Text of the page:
Probably the most important determinant in cultural variation is the relationship between the European conquest of a given island in relation to the onset of a mature plantation system. The rapid introduction of large-scale plantation enterprise soon after acquisition is a model followed by the British and Dutch and as well to a certain extent by the French. Mintz points out that the Hispanic colonies deviated to some extent from this model. Here, Europeans or Creoles always outnumbered slaves, with settlement patterns established centuries before large-scale plantation developments were underway. Augmenting this paradigm, Rojo concludes that, even to the extent that slaves composed a given island’s population "…the Negro slave who arrived at a Caribbean colony before the plantation was organized contributed much more toward Africanizing the Creole culture than did the one who came within the great shipments typical of the plantation in its heyday." (Rojo, p70)
Even among the more monotonous models of British plantation construction, differences in the relative dates of acquisition had some effect on the attainment of critical mass, and therefore on the resulting cultural consequences, as Barbados, Jamaica, and Trinidad bear witness to. More textured is the various responses to any alternative economic enterprise that may have emerged in the more creolized Hispanic colonies. The 16th century development of a vibrant Creole economy in leather on the northwest side of the island of Hispanola represented a potentially more lucrative activity than did Spain’s dwindling agriculture near Santo Domingo. Situated as it was outside of the Casa de Contratacion, the enterprise of this banda norte was subjected to devastation by the colonial officials in 1605-06. According to Rojo, "…As a coda to this episode of the devestations, one would have to add that the colony took centuries to recover from the adverse economic and social consequences that the incident produced." (Rojo, p48)
A similar alternative economic development in Cuba at about the same time produced very different results. Cuba’s eastern region, just as its nearby northwest Hispanola neighbor, was engaged in a leather trade of its own, and its creole practitioners were themselves removed from the official Spanish port of Havana. Under these circumstances, they too were subject to threat of punitive sanction. Here, however, a fortuitous avenging of a mediating bishop’s kidnapping gained this renegade community a reprieve and allowed it to continue its activities unmolested. "The region’s inhabitants continued to smuggle more than ever, and the type of society generated by the leather economy lasted until the beginning of the nineteenth century. Its complex cultural forms also endured and, sometimes withdrawing into themselves while at other times extending outward, they made up a long lasting creole culture." (Rojo, p51)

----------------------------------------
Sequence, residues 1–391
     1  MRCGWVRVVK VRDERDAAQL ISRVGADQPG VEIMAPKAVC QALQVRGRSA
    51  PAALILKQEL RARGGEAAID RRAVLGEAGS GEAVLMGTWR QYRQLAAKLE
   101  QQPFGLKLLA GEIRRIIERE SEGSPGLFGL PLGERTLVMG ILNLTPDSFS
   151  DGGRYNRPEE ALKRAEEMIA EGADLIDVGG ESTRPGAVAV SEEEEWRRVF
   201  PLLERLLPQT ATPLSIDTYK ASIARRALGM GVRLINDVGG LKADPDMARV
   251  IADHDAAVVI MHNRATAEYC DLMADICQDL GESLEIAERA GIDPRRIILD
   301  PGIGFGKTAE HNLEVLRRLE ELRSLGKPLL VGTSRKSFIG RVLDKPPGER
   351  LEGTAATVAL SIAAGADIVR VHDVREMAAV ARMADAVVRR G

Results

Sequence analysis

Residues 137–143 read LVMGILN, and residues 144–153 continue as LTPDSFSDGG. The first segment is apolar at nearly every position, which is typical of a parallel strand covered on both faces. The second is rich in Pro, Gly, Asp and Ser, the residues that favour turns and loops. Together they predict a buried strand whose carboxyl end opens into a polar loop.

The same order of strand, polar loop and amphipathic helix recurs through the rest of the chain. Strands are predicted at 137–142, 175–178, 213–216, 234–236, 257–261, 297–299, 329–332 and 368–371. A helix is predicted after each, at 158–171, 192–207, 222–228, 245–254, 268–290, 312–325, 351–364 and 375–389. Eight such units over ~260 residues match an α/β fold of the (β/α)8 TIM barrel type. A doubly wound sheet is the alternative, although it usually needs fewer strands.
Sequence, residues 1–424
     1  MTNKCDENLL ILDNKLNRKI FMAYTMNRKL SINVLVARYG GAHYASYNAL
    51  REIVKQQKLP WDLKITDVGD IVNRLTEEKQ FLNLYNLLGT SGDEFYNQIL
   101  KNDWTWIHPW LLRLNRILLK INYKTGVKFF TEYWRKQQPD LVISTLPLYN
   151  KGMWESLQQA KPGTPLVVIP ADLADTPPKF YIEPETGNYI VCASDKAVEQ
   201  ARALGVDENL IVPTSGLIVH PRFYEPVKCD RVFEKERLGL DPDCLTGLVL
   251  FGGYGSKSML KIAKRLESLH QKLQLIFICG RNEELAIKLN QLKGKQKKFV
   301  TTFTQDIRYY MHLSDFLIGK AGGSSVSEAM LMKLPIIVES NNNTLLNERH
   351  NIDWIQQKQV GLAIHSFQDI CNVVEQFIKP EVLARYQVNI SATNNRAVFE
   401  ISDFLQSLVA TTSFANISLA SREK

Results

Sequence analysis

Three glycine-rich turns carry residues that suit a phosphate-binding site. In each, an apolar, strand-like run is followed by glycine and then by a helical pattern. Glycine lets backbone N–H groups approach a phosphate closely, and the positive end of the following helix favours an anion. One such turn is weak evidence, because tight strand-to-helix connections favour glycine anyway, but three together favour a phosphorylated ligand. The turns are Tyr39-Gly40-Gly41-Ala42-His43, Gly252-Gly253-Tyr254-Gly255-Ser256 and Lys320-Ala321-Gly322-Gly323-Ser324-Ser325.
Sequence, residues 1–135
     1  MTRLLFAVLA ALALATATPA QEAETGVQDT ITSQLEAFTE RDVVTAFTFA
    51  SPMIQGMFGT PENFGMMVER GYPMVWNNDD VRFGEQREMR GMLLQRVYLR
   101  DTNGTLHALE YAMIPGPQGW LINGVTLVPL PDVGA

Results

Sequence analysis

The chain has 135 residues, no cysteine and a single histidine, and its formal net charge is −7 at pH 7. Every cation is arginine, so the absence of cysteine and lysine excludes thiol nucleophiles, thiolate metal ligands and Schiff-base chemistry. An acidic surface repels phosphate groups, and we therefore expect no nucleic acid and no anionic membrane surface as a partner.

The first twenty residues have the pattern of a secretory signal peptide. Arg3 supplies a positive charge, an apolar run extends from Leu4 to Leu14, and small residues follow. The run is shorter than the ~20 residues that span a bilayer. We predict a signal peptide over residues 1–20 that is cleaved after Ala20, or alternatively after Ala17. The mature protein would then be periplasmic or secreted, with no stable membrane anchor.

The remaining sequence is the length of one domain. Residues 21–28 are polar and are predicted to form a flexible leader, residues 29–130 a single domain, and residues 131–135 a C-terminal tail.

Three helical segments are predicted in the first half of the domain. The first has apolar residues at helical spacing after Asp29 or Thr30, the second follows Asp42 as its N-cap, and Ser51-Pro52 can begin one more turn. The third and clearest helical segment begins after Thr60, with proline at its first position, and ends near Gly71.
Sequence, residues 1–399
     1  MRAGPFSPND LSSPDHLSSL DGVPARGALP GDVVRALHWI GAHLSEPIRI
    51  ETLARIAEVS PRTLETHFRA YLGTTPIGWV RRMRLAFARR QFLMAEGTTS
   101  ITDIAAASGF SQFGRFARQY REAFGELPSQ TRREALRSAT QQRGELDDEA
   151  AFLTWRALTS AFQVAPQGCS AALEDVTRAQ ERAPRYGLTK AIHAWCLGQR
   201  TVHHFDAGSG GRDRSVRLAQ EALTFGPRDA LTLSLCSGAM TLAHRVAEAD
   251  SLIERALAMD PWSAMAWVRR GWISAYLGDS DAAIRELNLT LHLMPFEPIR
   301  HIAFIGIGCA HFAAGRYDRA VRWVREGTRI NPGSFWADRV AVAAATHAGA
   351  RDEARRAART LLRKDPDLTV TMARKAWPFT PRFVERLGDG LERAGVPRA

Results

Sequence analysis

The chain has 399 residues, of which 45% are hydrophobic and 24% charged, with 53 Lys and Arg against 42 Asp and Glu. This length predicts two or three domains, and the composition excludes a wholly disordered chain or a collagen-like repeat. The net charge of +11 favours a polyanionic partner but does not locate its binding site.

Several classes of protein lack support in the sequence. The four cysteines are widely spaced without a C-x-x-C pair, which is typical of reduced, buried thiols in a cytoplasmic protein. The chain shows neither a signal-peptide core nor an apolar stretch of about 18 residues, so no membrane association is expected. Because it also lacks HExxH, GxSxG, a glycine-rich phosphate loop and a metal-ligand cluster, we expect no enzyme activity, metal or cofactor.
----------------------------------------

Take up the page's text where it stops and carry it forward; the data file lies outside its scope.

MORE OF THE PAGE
Rhythm of the Waves
The common and recognizably Caribbean and simultaneously island-distinct qualities of the music, style, and cuisine of the region can assuredly provide ample material for a study of its own. Interesting and less obvious are the parallel attributes of political developments in the region. Common themes of emancipation, independence, and economic development animate the discussion of political direction on each island at some time, but each in its own unique context while still influenced by others of them. Michelle Cliff has Clare recall a fleeting image from the car window, unexplained, but a relevant message for 1958: "CASTRO SI, BATISTA NO. In black paint. In large letters against the cathedral." (Abeng, p22)
This message would resonate in Jamaica some years later, not in a violent Communist revolution, but with independence and later with the socialism of Michael Manley. Same rhythm, but different. And the wave was uneven, for it would not resonate sufficient to alter the autocratic regime of ‘Papa Doc’ in Haiti.
These waves had been undulating back and forth for some time. The Haitian revolution that resulted in her independence in 1804 sent its waves across the sea to Jamaica to inspire slave revolts and producing emancipation for its slaves, but the wave took three decades to achieve its full effect. Curiously, Cuba, situated between the two, was meanwhile accelerating its slave-driven sugar plantation and did not absorb that rhythm for still another half century.
The eclectic examinations of a diverse and yet similar group of people and the islands on which they dwell help capture the essence of a most curiously heterogeneous accumulation of cultures that share a common sea, a common climate, and a remarkable history that makes it hard to understand one without first understanding them all.
S O U R C E S
Cultures of Sidney Mintz, "The Caribbean as a Socio-Cultural Area" from M. Horowitz, Peoples and The Caribbean (Garden City, NJ, 1971)
Antonio Benitez-Rojo, "From the plantation to the Plantation" from The Repeating Island (Duke University Press, Durham and London, 1992)
Michelle Cliff, "IF I Could Write This in Fire, I Would Write This in Fire" article from anthology. Michelle Cliff, Abeng (Penguin, NY, NY, 1995)